NLEC asks province to tackle debt, decrease spending and reallocate resources to immigration

The NLEC is encouraging the province to tackle debt, reduce spending, create a competitive tax regime and shift resources towards immigration in Budget 2014.

View the NLEC’s Position Paper on 2014 Provincial Budget Priorities.

Fiscal prudence

Last May the NLEC held a CEO Roundtable with member CEOs from some of the largest and most successful employers in the province. When asked to prioritize public policies that could best position Newfoundland and Labrador (NL) as the place to do business, the number one issue for business leaders was government getting its fiscal house in order.

Short-term cuts without a view to how those cuts can be sustained will only lead to long-term failure. Focusing on innovation will not only help reduce costs today, it will help ensure our government can deliver those services for the long-term. Productivity focused goal setting with the public sector, increased outsourcing to the private sector and performance based incentives for employees should all be considered.

Competitve Taxation

Natural resources alone are not enough to ensure a prosperous future for our children’s generation. Competitive public policy is the only proven way to create economic growth and prosperity for our children’s generation.

According to Provincial Investment Climate Index put out by the Fraser Institute, Newfoundland and Labrador is currently in the bottom half of tax competitiveness in the country.

Being uncompetitive on anything, especially tax is not in our province’s best interest.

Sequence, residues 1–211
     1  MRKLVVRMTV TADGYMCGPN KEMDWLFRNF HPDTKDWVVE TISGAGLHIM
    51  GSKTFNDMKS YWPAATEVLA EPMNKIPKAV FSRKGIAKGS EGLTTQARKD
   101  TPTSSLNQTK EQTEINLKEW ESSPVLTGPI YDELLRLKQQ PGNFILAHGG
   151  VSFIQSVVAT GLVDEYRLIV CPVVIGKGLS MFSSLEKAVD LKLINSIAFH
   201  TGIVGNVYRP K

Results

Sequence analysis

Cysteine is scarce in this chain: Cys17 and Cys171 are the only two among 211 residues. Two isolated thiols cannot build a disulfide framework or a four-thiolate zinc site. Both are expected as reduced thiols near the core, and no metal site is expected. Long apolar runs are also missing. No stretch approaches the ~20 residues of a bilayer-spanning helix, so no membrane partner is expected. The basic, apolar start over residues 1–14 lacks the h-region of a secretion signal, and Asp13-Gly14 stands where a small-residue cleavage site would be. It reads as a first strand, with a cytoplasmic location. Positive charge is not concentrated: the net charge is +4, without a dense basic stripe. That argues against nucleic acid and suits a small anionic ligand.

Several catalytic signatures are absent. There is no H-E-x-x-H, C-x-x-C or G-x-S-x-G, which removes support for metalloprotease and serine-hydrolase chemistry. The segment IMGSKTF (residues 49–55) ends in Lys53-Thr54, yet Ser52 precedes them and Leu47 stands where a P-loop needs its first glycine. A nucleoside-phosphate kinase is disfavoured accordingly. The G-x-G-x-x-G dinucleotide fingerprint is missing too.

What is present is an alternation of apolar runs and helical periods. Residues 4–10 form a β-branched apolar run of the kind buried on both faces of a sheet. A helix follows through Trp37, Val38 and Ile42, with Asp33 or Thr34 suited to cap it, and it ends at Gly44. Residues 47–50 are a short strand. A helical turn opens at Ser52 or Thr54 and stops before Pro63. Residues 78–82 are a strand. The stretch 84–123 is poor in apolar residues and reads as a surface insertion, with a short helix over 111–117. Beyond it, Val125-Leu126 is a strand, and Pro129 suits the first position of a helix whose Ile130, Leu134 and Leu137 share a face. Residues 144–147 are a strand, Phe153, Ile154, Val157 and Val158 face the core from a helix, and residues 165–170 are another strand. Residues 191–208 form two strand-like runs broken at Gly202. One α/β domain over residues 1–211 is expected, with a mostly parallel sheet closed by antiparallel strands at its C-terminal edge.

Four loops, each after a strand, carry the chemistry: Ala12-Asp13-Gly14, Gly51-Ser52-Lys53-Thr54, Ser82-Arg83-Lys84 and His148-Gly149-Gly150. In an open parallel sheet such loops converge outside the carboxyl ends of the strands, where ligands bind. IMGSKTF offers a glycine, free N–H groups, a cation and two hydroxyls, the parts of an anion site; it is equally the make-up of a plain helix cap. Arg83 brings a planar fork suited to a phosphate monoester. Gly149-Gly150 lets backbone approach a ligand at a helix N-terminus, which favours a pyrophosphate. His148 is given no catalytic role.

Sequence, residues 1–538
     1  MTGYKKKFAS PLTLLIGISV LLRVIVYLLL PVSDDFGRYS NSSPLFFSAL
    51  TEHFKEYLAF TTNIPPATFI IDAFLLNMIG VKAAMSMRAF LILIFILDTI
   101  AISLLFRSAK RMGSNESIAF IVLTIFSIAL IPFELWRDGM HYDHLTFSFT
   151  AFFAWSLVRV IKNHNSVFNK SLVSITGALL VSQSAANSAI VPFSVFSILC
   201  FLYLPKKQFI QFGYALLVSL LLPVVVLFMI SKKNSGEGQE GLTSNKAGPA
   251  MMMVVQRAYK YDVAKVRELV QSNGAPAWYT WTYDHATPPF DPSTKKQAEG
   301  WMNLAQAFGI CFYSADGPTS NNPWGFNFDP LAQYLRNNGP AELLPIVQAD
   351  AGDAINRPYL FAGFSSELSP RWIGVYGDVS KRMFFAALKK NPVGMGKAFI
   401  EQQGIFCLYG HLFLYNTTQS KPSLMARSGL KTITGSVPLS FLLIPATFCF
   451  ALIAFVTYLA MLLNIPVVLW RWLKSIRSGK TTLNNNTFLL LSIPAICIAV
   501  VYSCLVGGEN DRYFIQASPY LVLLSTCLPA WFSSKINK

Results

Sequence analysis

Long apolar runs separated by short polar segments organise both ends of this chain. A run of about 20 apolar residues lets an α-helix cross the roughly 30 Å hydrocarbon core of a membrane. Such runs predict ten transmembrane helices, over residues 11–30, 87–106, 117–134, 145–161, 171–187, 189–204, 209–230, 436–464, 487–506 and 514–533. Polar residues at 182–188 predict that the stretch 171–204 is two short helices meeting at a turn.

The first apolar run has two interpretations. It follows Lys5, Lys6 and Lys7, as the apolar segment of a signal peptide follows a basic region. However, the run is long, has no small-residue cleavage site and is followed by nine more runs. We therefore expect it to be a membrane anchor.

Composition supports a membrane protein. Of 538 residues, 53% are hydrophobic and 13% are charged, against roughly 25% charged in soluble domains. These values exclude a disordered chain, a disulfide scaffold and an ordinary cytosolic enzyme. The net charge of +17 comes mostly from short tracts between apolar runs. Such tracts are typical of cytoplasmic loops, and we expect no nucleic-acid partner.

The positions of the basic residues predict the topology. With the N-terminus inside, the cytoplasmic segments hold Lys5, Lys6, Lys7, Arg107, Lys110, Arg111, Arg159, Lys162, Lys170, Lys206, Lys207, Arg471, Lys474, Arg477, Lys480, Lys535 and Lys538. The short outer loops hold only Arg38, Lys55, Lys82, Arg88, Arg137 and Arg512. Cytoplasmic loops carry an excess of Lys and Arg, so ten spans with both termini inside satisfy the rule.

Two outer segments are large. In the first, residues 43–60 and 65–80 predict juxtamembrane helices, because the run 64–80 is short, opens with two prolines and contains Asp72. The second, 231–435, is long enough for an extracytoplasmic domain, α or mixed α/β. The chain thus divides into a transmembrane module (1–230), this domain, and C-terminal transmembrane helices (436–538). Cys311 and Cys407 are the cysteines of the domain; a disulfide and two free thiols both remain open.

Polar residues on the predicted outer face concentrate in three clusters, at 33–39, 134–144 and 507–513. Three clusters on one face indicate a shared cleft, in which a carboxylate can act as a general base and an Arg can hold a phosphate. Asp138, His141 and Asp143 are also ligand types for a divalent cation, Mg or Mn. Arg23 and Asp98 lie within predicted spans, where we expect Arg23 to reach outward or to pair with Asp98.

Growing our population through increased immigration targets was the second most important issue for NLEC member CEOs at the CEO Roundtable.

Immigration will be essential to support continued economic development and to help sustain the population. This doubling of the immigrant levels would increase the working-age population by 7% over the next 10 years. The NLEC recommends increased immigration at a target of a minimum of 1500 immigrants annually.


  • Continue to look for efficiencies and cost savings in program spending, but do not just cut for the sake of cutting.
  • Take aggressive action towards addressing the unfunded pension and post-retirement liabilities that now account for nearly $6 Billion of the province’s debt.
  • Create a more competitive tax regime, starting with the elimination of the Health & Post Secondary Education Tax (HAPSET) as promised during the election campaign.
  • Resources within the Department of AES should be redirected away from low priority initiatives and toward the highest priority population growth objective of immigration.

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